The pros and cons of listing indie hotels on Airbnb
The pros and cons of listing indie hotels on Airbnb
23 MAY 2018 1:32 PM

Airbnb has opened up its platform to boutique hotels, which is an opportunity for some to reach a new segment of traveler. But the experience of one property that lists on the platform indicates that hoteliers should prepare for a different kind of booking experience with Airbnb.

REPORT FROM THE U.S.—Long viewed as an adversary of the hotel industry, Airbnb is now offering a spot on its platform for boutique hotels. Offered at a relatively low cost compared to other channels—like online travel agencies—sources said there are clear reasons why working with Airbnb is advantageous, but there are challenges as well.

Daniel Cauley, revenue manager at The Guesthouse Hotel in Chicago, said the property has been listed on Airbnb for years. That is in large part because the property has transformed considerably over the years, transitioning from vacation rental properties with a small hotel attached to entirely a hotel. He said the property started on more traditional vacation rental platforms before moving on to Airbnb.

Listing on the alternative-accommodations site has “been pretty successful,” he said, but that revenue “is more of a supplement than a driving factor.”

“It’s an inexpensive way to get bookings versus or Expedia or other players,” he said. “And it has a pretty strong following among the people who use Airbnb, but I still view it as a niche market. A lot of people are just not going to book (a hotel) on Airbnb.”

He said about 5% to 7% of the Guesthouse Hotel’s business comes through Airbnb.

A growing platform
Airbnb officials announced in February plans to open up the platform to different offerings, including boutique hotels, along with the addition of a new high-end tier with more hotel-like amenities. The changes were made in part to offer travelers more options, but were also a recognition of the fact the Airbnb marketplace was already diverse and perhaps not well organized.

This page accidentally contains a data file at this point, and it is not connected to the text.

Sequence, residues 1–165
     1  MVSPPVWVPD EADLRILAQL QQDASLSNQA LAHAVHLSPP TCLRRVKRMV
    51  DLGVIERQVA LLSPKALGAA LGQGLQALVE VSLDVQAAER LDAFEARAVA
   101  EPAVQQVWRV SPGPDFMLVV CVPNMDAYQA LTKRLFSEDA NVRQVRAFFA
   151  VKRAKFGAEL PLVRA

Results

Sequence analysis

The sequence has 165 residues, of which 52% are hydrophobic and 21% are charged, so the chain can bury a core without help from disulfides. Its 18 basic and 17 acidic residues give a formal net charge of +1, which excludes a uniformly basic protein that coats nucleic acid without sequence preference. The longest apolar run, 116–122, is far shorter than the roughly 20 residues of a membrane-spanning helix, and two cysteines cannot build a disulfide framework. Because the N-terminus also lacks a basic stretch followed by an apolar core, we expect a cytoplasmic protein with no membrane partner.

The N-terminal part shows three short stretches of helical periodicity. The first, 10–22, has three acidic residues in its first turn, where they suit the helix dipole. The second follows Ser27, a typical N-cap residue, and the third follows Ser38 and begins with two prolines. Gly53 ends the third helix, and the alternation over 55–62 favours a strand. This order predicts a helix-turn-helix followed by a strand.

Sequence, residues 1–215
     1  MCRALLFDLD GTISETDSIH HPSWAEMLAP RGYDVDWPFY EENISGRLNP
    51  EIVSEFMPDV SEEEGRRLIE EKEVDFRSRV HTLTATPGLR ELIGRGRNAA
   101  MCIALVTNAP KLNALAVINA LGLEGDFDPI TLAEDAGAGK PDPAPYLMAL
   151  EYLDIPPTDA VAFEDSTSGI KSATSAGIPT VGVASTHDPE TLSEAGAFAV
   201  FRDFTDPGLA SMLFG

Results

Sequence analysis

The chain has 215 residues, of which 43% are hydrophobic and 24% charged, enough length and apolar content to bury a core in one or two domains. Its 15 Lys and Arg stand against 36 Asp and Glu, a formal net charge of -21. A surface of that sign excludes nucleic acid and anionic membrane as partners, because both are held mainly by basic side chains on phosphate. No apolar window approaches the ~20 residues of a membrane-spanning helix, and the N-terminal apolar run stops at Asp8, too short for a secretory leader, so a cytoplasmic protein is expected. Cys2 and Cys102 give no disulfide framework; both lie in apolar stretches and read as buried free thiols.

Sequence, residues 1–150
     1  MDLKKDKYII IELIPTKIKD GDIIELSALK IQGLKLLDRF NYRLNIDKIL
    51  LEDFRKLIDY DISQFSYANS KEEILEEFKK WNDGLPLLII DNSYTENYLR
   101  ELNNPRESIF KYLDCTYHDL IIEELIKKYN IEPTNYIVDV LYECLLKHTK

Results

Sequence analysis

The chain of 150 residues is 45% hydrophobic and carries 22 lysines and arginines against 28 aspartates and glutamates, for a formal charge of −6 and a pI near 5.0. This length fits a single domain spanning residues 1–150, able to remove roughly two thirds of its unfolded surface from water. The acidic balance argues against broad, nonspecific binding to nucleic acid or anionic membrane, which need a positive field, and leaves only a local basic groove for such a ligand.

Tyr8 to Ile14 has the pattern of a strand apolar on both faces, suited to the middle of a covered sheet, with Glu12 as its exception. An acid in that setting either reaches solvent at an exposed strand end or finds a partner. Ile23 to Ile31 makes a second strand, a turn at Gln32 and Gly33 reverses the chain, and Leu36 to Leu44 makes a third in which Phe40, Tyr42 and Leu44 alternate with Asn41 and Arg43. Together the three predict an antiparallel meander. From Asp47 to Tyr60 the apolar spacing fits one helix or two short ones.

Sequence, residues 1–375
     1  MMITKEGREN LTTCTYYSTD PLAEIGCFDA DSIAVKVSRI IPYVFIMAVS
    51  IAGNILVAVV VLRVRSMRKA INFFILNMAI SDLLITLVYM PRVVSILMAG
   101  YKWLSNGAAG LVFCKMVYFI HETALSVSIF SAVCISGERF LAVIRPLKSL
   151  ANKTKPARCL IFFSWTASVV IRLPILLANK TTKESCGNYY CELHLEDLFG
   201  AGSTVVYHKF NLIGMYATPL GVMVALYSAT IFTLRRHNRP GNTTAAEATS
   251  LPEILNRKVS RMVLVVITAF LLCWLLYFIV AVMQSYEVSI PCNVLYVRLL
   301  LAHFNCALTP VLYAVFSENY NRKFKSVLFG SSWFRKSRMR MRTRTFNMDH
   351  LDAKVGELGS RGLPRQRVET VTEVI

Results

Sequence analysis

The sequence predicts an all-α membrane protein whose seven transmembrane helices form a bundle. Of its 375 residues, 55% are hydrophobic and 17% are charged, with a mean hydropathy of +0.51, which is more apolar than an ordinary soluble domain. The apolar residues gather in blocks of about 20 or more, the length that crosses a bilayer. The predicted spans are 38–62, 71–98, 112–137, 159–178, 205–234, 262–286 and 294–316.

“Over the years, the types of properties on the platform have become increasingly diverse, from treehouses to boutique hotels, but it’s still only possible to navigate by three property types—shared space, private room and entire homes,” reads the news release announcing the change. “This makes it hard for hosts to stand out, and guests can’t always find what they’re looking for.”

Four new property types offered on the site now include “vacation home, unique space, B&B and boutique,” the last of which is where hotels would likely fall.

Robert Cole, senior research analyst for Phocuswright and founder of RockCheetah, said Airbnb executives are “very, very smart” to open up the platform to hotels. He said the lower commission structure is appealing, but the platform would work best for the right kinds of properties.

It’s great if “you can provide the appropriate, unique, localized experience that’s not necessarily high touch,” Cole said.

While Airbnb usage is commonly associated with younger and more adventurous travelers, the latest edition of STR’s Consumer Travel Insights study notes the platform is growing to reach “a broader audience both geographically and demographically.” The study notes this is a harbinger of a sea change in hospitality. (STR is Hotel News Now’s parent company.)

“As the platform continues to grow and evolve—a recent change has seen new search categories added to enable easier navigation to hotel and B&B listings—there is an increasing need for accommodation providers to build stronger and more personal relationships with their customers,” the study reads.

The pros and cons
Cauley said he still believes Airbnb isn’t a great platform for most hotels, so he doesn’t expect the lower commission structure to quickly turn it into a new version of the existing OTAs.

One of the biggest challenges in listing on Airbnb is the huge amount of competition on the platform due to the fact that it is “relatively easy to list,” which makes it “hard to stand out,” Cauley said. He noted this problem is exacerbated if a property lists a significant amount of rooms on the platform because each room has to be listed as a separate unit.